Digital content articles are collaboratively written with the Digital Content team and aim to improve the interest and understanding of the citizen audience rather than experts.
Digital content articles:
- are usually on a timely topic
- are written for the inquiring citizen user persona
- range from 1,000 to 3,000 words, with minimal chart notes
- feature visualisations designed to be easily embedded in news websites
- are mostly standalone, rather than part of a series
Digital content articles have a conversational approach. Complicated concepts are explained simply, with the inquiring citizen user in mind. They contain analysis and commentary rather than method.
This article type does not suit content which require substantial methodological detail or navigation between sections. Use other article templates instead.
Structure and navigation
Digital content articles read more like stories with a beginning, middle and end. They do not feature:
- a table of contents
- main points
- numbered sections
- numbered charts
- methodology or quality sections
Title and headings
Titles are shorter than other statistical releases and focus on the main findings. They do not include time periods or geography. In contrast to statistical bulletins and articles, they can be descriptive rather than labels.
Digital content article title: Eight in ten adults think social distancing is important – but four in ten actually do it
Digital content article titles can be written as questions, such as How green is your street?
Each section heading will be descriptive of a main finding. Users will be able to see a narrative from reading the section headings alone.
Tools and automation
Digital content articles make greater use of tools such as calculators and interactive maps.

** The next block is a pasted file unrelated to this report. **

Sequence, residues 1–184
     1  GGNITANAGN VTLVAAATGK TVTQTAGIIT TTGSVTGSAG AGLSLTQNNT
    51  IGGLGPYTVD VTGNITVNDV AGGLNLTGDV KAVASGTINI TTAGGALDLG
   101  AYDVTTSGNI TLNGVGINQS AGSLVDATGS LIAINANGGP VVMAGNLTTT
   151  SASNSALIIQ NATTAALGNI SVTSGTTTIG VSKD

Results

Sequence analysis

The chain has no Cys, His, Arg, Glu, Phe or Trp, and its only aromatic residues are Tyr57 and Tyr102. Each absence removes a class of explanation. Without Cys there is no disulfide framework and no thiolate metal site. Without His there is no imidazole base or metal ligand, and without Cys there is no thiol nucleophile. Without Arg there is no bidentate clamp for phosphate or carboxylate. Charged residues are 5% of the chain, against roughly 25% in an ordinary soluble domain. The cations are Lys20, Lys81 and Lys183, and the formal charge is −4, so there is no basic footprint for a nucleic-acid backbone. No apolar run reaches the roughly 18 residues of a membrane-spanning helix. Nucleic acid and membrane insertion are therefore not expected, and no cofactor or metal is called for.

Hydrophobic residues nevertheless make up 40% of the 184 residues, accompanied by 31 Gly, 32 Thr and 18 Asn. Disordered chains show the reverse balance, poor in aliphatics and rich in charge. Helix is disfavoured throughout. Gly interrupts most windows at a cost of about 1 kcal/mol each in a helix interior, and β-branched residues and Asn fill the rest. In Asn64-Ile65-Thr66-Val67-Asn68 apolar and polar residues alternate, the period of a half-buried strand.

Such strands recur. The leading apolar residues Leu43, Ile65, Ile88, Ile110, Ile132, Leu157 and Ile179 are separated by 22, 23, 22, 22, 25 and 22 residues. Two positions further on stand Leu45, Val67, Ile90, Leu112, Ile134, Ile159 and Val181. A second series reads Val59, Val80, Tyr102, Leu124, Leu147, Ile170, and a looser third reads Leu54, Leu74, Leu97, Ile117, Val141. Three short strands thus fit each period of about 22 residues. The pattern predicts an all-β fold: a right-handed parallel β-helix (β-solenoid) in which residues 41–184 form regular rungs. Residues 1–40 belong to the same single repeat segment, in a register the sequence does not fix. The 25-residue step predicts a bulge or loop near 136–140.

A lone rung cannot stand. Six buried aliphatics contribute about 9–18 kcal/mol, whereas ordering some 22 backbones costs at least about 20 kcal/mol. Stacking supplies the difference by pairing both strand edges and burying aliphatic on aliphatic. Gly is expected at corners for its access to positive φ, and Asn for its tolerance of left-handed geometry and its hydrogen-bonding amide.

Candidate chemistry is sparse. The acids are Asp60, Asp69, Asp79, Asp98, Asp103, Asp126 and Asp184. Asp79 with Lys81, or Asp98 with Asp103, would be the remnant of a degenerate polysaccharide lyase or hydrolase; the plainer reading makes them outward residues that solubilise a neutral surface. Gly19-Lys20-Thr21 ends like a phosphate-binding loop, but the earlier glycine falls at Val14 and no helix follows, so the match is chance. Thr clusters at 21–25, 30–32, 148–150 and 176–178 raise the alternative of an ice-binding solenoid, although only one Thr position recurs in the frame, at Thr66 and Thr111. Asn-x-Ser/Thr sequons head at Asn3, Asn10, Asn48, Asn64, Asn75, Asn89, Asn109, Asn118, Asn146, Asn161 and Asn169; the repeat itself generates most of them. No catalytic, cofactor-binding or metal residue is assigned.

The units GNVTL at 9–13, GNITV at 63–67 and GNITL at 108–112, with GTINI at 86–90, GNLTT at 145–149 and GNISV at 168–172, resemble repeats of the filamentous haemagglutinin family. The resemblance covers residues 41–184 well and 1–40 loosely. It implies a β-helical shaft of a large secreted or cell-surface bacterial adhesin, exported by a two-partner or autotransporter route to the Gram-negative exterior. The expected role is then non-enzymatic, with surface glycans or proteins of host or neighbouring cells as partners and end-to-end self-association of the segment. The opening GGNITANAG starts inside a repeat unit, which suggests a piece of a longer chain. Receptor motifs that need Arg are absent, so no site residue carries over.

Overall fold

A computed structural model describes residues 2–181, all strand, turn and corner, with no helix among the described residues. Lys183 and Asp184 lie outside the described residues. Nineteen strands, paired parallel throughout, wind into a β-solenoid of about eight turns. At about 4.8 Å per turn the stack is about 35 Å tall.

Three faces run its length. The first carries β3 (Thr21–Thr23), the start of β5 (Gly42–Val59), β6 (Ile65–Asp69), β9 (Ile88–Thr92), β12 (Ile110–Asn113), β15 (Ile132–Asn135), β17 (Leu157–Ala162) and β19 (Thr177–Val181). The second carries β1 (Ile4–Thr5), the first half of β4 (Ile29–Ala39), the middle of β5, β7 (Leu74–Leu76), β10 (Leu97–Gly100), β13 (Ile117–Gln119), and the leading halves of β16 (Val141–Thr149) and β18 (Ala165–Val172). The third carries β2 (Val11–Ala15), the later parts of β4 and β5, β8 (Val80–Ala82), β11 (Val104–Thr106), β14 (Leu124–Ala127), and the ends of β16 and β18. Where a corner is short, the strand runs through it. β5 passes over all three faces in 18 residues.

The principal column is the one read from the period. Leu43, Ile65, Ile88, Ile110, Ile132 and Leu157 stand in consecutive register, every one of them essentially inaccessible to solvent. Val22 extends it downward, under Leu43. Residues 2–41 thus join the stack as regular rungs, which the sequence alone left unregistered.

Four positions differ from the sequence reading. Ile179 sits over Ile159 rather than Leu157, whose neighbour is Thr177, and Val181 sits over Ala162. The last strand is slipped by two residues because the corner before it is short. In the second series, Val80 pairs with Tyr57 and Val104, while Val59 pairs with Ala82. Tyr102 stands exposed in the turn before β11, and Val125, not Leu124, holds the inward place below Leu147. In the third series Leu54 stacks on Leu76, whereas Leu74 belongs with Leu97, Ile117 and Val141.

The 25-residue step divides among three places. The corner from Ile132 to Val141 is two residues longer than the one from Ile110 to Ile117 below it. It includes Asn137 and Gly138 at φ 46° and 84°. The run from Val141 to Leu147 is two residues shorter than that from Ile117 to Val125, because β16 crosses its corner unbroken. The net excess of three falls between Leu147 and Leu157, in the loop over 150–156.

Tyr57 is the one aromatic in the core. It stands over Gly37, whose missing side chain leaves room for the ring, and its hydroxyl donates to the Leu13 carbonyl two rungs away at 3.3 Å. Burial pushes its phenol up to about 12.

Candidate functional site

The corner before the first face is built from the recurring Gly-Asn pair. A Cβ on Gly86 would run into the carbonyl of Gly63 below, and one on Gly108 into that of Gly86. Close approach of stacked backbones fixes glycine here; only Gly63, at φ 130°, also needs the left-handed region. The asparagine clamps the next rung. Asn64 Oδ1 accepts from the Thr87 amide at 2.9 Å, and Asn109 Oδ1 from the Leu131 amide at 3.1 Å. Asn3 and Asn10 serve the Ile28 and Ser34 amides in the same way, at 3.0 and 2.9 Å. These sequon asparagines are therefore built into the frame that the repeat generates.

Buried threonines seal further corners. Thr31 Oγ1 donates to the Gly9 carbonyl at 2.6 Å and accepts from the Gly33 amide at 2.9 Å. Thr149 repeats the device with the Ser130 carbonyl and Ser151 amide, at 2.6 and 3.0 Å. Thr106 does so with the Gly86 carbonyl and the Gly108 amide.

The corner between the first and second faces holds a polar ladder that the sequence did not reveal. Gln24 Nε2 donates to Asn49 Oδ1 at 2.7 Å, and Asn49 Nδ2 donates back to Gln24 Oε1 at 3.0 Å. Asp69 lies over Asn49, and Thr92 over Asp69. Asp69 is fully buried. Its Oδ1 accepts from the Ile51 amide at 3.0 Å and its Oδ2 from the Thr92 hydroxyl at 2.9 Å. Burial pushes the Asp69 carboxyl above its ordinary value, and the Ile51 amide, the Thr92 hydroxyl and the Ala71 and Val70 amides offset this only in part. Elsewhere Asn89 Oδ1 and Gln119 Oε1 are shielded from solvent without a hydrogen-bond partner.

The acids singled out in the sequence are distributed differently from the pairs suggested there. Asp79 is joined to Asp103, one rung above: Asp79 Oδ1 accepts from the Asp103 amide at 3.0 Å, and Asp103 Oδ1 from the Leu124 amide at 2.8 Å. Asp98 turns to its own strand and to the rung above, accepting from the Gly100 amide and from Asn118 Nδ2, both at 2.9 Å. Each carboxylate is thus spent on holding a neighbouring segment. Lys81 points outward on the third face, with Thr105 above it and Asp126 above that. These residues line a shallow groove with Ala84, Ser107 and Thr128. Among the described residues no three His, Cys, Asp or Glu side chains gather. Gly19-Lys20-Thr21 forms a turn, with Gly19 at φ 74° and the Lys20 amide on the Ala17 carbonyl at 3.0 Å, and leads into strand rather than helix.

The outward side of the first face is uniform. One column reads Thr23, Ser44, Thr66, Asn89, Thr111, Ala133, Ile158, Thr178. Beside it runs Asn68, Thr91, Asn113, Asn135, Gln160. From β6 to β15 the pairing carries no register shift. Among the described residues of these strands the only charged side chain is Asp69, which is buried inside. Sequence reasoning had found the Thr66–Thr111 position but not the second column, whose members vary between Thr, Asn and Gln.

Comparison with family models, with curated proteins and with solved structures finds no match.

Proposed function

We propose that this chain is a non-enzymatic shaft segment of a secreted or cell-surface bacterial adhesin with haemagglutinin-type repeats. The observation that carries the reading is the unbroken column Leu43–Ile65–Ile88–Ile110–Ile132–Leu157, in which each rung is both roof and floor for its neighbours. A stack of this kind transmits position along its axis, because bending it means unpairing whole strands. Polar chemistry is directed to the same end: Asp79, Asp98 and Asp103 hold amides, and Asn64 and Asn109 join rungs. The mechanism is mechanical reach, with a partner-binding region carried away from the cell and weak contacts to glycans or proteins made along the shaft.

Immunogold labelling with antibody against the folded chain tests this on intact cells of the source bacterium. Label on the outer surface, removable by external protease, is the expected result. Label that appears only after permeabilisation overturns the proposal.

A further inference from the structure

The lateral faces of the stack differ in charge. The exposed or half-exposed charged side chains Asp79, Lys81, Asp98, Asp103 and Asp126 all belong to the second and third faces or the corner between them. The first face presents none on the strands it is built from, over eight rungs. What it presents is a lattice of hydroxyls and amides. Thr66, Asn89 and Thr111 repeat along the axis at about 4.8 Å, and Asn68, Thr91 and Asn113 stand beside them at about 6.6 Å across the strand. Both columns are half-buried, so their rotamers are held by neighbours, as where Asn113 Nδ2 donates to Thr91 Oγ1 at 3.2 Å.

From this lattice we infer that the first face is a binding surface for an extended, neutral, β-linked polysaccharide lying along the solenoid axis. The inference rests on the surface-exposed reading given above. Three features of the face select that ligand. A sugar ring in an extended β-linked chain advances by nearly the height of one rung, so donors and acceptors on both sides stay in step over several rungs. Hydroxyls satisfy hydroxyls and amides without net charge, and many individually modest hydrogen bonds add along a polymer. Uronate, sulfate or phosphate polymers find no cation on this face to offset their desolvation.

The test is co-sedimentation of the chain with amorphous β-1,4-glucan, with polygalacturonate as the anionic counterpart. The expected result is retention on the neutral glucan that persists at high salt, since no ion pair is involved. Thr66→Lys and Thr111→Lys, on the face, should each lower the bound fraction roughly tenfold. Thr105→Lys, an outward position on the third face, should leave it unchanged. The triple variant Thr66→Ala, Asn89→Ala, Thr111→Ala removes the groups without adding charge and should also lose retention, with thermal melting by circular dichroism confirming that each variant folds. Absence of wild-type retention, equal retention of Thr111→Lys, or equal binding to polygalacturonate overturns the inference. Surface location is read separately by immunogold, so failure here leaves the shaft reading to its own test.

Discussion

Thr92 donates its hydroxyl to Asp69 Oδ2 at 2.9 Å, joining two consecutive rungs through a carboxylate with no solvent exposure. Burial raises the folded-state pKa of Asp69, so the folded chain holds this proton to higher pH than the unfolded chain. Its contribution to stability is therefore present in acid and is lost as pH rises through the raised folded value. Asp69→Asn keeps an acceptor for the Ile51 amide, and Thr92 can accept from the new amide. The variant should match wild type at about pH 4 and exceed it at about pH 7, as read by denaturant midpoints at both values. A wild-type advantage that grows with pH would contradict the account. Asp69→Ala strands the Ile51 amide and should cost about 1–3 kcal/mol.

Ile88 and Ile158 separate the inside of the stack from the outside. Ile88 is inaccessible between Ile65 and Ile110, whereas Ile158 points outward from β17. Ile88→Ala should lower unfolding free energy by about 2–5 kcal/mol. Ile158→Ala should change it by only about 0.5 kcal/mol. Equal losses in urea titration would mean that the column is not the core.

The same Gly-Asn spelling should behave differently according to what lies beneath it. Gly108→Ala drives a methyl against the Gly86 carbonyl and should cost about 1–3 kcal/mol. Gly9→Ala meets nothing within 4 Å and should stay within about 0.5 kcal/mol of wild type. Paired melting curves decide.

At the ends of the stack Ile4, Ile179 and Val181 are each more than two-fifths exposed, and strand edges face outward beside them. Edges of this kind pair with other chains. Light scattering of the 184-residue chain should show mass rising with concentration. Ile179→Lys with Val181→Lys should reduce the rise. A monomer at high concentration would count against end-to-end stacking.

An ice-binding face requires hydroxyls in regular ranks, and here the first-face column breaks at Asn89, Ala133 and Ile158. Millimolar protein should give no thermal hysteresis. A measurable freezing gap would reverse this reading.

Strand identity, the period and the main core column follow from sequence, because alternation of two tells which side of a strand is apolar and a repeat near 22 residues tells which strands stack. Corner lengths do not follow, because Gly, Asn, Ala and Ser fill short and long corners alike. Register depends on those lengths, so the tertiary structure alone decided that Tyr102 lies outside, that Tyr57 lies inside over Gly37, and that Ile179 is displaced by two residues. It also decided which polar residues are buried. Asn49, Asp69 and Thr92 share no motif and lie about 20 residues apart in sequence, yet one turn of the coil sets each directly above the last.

Some articles contain elements of semi-automated journalism that allow people to select a variable, such as a geographic area, to get a more personal story. This is known as “robo-journalism”.
One example is the article Age of the property is the biggest single factor in energy efficiency of homes. This has a postcode look-up tool that displays a few lines of basic comparative text about the selected area, for example “Fareham is above average in England for…”
“Scrollytelling” articles make greater use of graphics and interactive elements, with minimal supporting text. Users view a continuous visualisation, triggering interactions as they scroll.
In the example of the article Mapping regional differences in productivity and household income, users scroll down a page featuring an interactive map. Accompanying text pulls out the main trends and the user can select different areas on the map to see data.
Articles based on qualitative data focus on the human impact and may feature quotes predominately.
The lasting impact of violence against women and girls uses quotes provided by third-sector organisations to provide qualitative context.
Email email@example.com to find out more about digital content articles.